To draw is to lend the world a hand, to allow it to measure itself and to merit itself, to self-correct and to self-accrue. The line born of such a hand marks it, constrains it, frees it, concentrates it, expands it, stretches it, disperses it, sidetracks it, blasts it, multiplies it. At times, perhaps at best, it simplifies it, purifies it, sublimates it, reveals it. Without the act of drawing, the world would be disfigured by the absence of an alternative to itself. 

As Proust states, with reasoning that is as clear and as warm as the sudden dawning of summer over a sea still hoarse from nightfall: “Through art alone are we able to emerge from ourselves, to know what another person sees of a universe which is not the same as our own and of which, without art, the landscapes would remain as unknown to us as those that may exist in the moon. Thanks to art, instead of seeing one world only, our own, we see the world multiply itself and we have at our disposal as many worlds as there are original artists, worlds more different one from the other than those which revolve in infinite space, worlds which, centuries after the extinction of the fire from which their light first emanated, whether it is called Rembrandt ou Vermeer, send us still each one its special radiance.” (In Search of Lost TimeTime Regained, translated by Andreas Mayor and Terence Kilmartin).

Art is aware, as was Byron, that the tree of knowledge is not the tree of life. Every work of art is a monstrous miracle (etymologically, “monster” means ‘that which reveals a portent’, and “miracle” originally meant ‘that which is an object of wonder’) that turns this dissension into a multiplication, a proliferation, a creation of that which is diversedifferentdistant,opposite,unlikelyunexpected,impossible

Art is diction and contradiction, covenant and confrontation, creation and destruction, incandescence and embers, cold fire and burning ice. It is therefore risk and adventure, misadventure and peril. It is made of vision, memory and action; of sequence, series and variation; of restitution, seizure and destitution; of consciousness, science and imagination; of doctrine, rule, and schism; of violence, vehemence and lightness – a work of art is an escape which escapes so as not to escape from itself. 

But it is an escape which escapes thisin order to surrender to thatwhich, oftentimes is the otherside, the unknown side, of that which it is escaping. Therefore, art does not escape from Janus, the double-faced Roman god who presides over beginnings and transitions, entrances and exits, choices and decisions, whose double-sided visage surveys both the past and the future, and who, with a twin gesture, opens and closes gateways to worlds where the dead live and the living die.

The art of Teresa Gonçalves Lobo is attentive and it abides. It pursues patience and is patient in its pursuit. There is music and method in it, modulation and meticulousness. In discussing her work, words must undergo a twofold denial – that of excess and of defect. Neither more, nor less. They must gaze, clear-eyed, and devoid of the ambition of syrupy and showy accumulation. They must gaze, wide-eyed, and devoid of the resignation of hollow and opaque stringency.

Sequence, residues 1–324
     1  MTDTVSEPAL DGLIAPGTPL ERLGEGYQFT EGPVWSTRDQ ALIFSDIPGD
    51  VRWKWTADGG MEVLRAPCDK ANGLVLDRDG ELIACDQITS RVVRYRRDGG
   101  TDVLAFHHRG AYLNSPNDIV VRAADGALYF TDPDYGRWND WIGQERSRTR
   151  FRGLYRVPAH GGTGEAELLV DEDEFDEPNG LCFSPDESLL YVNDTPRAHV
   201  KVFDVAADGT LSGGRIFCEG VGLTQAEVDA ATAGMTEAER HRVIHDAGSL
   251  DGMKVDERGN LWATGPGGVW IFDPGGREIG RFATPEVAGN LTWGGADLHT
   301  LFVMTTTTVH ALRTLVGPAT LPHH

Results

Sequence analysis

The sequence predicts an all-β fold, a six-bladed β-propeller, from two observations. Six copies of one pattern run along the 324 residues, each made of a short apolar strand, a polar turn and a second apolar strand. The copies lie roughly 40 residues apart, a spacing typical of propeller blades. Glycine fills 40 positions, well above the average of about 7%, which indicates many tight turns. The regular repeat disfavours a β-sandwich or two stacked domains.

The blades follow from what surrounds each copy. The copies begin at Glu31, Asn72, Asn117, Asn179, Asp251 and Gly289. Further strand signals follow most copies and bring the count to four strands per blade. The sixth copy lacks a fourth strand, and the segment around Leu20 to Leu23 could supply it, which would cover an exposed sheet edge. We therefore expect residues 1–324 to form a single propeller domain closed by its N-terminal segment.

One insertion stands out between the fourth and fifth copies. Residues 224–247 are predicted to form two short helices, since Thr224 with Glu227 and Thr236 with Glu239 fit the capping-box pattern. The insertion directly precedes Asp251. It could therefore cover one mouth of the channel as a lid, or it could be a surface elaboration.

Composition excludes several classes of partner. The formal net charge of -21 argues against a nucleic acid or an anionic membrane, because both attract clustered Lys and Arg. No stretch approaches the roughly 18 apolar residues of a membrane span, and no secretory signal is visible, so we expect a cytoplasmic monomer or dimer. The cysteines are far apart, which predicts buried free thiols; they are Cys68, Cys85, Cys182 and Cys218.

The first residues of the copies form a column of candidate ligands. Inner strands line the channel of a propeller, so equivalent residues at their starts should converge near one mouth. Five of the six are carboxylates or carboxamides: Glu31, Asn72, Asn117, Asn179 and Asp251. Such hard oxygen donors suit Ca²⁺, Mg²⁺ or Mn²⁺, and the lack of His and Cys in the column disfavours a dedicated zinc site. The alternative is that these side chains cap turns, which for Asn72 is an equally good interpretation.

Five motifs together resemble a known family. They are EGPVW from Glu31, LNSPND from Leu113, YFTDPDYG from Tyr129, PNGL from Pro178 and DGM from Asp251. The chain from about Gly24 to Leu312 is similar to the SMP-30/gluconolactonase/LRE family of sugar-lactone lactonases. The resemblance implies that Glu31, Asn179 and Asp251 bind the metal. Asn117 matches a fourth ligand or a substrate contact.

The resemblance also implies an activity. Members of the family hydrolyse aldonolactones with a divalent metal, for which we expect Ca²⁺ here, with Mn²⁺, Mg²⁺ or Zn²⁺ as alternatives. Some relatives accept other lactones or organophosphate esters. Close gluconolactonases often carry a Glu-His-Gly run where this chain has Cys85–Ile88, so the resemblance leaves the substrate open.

This work is subtle and not simple. It is fluent and not facile. It is light and not slight. It is dense and not ductile. It is sophisticated and not solemn. It is serene and not soft. It is anchored, not weighed down. 

Its author instinctively mistrusts anything that overlays nudity with vestments, hurls noises over silence, brings debris into life. If, for her, art is time, toil, trial and task; if it is adjuration, judgement, justification and at times, a yoke – it is also, for her, oftentimes recreation and rejoicing.  

The artist speaks of her art as of a river that flows without bounds. She speaks of it as of a castle with no moat. She speaks of it as of a rock with no weight. She speaks of attractions and affiliations, of influences and affinities, of kinship and closeness, of convergences and, above all, of coincidences with other artists, as a telepathy of sorts that we cannot deny without denying ourselves. 

She speaks of Michaux, Motherwell, Hartung, Louise Bourgeois, Vieira da Silva, Ana Hatherly, Helena Almeida, as if speaking of rows of portraits lined up on a hallway wall. And she speaks of Bach, Pessoa, Eugénio O’Neill, Ramos Rosa, Herberto Helder, Luiza Neto Jorge, or of the Chinese characters she has traced without realising that this was what she was tracing, as if she were speaking of words on a mental manuscript.

To draw is to provide the body with a second nervous system, it is to supply the brain with a new electric frequency, it is to add the tracing of a brief furrow to the brow. When she draws, Teresa Gonçalves Lobo becomes what she is. Not part of a why or a what for, of a reason or a motive, of a cause or a goal. She arrives at all of these only at the end.